Breakfast Cereal Brands - Buyer's Guide & Coupons
Deals & Coupons on Cereal Near You
Interesting Facts on Cereal
Americans spend more than $6 million a year on ready-to-eat cereal, the eighth-most popular item purchased in grocery stores.
They say breakfast is the most important meal of the day, and for many busy people that means pouring a quick bowl of cereal in the morning. Why? Along with its convenience and taste, cereal supplies many vitamins, minerals, and nutrients needed to jumpstart your morning and get you on your way.
What exactly is cereal?
Cereal was one of the first “health foods” invented in the U.S. During the Civil War era, chronic digestion problems were common because most people's diets included too much protein from meat. One doctor trying to remedy this situation was Dr. James Caleb Jackson, who first mixed water with graham flour and baked it, creating the first ready-to-eat cereal. The early 1900s saw more cereal development from entrepreneurs such as Kellogg and Post in Battle Creek, Michigan--still the capital of U.S. cereal production.
Secrets to Saving Money on Cereal
- Mix coupons with in-store promotions. Double up on savings by paying attention to cereal coupons. When there is a deal for two boxes for $5, you’re making out like a bandit if you also have a coupon on top of the store deal. With the free Out of Milk app on your phone, you’ll never miss a coupon or discount on cereals at the stores you already shop.
- Stock up. When your cereals go on sale, stock up on several boxes at a time. Cereal will keep for many months unopened.
- Make your own cereal. DIY your cereal at home with just a few simple ingredients such as oats, cinnamon, dried fruits, and nuts!
- Try only eating the serving size. Most of us don’t measure out our cereal, but maybe we should? Check out the serving suggestion on the box and try eating that. You will waste less cereal and your intake will be inline with the nutrition info on the side of the box.
Ways to Eat Cereal
A bowl of cereal is all the better with the right accompaniment. Milk, or milk alternatives such a rice milk, soy milk, almond milk, or lactose-free milk are great options. You can also get an extra burst of healthy protein and helpful bacterias by throwing some yogurt in your bowl instead of milk. Dry cereal is also delicious--or try cooking up a bowl of quick oats for a hearty warm start to the day.
Common Cereal Grains
The most common grains used in cereal production in the U.S. are maize (corn), rice, wheat, and oats. The natural form of cereal is what we call “whole grains”. As whole grains, cereals are rich in vitamins, minerals, carbohydrates, fats, oils, and protein. But, the more refined or processed these grains are, the more they lose their nutritional components. With the removal of bran and germ, mostly only carbohydrate particles are left.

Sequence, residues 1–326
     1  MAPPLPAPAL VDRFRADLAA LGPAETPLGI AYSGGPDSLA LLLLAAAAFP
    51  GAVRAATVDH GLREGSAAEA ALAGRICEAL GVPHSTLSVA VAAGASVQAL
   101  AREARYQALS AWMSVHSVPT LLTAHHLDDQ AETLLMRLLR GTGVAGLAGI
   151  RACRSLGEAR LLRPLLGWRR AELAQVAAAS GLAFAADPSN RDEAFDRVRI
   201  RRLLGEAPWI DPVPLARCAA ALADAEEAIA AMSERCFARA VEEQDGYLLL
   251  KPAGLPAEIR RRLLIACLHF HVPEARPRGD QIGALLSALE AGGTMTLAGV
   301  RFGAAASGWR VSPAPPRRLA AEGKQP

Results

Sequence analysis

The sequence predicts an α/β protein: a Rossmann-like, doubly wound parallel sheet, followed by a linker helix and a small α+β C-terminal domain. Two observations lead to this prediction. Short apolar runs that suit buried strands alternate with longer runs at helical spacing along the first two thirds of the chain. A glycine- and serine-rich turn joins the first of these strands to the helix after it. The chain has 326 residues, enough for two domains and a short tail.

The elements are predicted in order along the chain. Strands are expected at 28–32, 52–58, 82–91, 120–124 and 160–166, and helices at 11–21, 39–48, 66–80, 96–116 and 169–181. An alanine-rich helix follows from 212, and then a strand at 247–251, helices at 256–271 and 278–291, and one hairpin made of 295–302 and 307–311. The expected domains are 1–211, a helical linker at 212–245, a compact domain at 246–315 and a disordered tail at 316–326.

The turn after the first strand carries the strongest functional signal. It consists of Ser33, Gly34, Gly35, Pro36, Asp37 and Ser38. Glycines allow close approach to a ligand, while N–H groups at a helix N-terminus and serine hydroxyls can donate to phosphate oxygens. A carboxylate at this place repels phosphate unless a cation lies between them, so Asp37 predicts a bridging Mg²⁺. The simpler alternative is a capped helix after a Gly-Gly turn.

Decoding The Cereal Box For “Whole Grains”
To be sure you’re actually getting whole grains, look for “100% whole grain” on the box, or the Whole Grain Stamp. If the words “whole grain” appear with no other information, it could mean that only a tiny amount of whole grains are present.
Healthy cereals are those that are less refined, and contain more of their raw form. These are also by nature, low carb cereals--as long as there is no added sugar. Bran cereal, oatmeal, granola, and kashi cereal are all healthy cereals options, again depending on how much sugar you spoon into them. Life cereal has been a popular choice in America since the 1970s. At first for its popular television ad, but the cereal has endured through the decades, even despite multiple new flavors that have since been discontinued. The original Life cereal persists as one of America’s most beloved cereals. According to the Quaker Oats website, Life cereal is an excellent source of B-vitamins and contains 20 grams of whole grains per serving.
Too Much Choice
Each grocery store can carry a hundred or more cereals, all with bright boxes and healthy claims. Where do you begin? Pay attention to three key factors: Salt, sugar, and fiber.
- Fiber is your friend: Few people get enough fiber, which helps lower blood pressure, and cuts cholesterol. Look for “Dietary Fiber” -- at least 3 grams per serving.
- So long, sodium: Many cereals contain around 200 mg of sodium per serving. Milk can add another 100 mg per cup. Look for cereals with a sodium content under 240 mg per serving.
- Shrug off sugar: A healthy cereal will have sugar toward the end of the ingredient list, but sugar takes many forms, such as “fruit juice concentrate” and “evaporated cane juice”. Look for less than 7 grams per serving of the sweet stuff.
These cereals hit all the right notes when it comes to fiber, salt, and sugar:
- Barbara’s Puffins (Original or Cinnamon)
- Uncle Sam Strawberry Cereal (or other varieties)
- Kashi Heart to Heart Warm Cinnamon Oat
- Post Bran Flakes
- Familia Swiss Müesli (No Added Sugar)
- Bear Naked Granola
Gluten Free Cereal
Those with an allergy to gluten, can still enjoy cereal by looking for “gluten free” on the box at the store. Walmart carries a large selection of gluten free cereals. A few popular gluten free cereal choices today include:
- Enjoy Life Crunchy Flax With Chia
- General Mills Rice Chex
- Barbara's Honey Rice Puffins
- Arrowhead Mills Organic Maple Buckwheat Flakes
- EnviroKidz Lightly Frosted Amazon Flakes
- Nature's Path Mesa Sunrise Flakes
- Paleo Coconut Flakes
- Nature's Path Whole O's Cereal
How to Keep Cereal Fresh
To keep cereal from going stale, always release the air out of the bag and seal the top tightly with a large clip or rubber band. You might also try storing it in an airtight container instead of the original box.
Out of Milk helps you find the best deals and savings on your favorite cereals from the stores you already shop.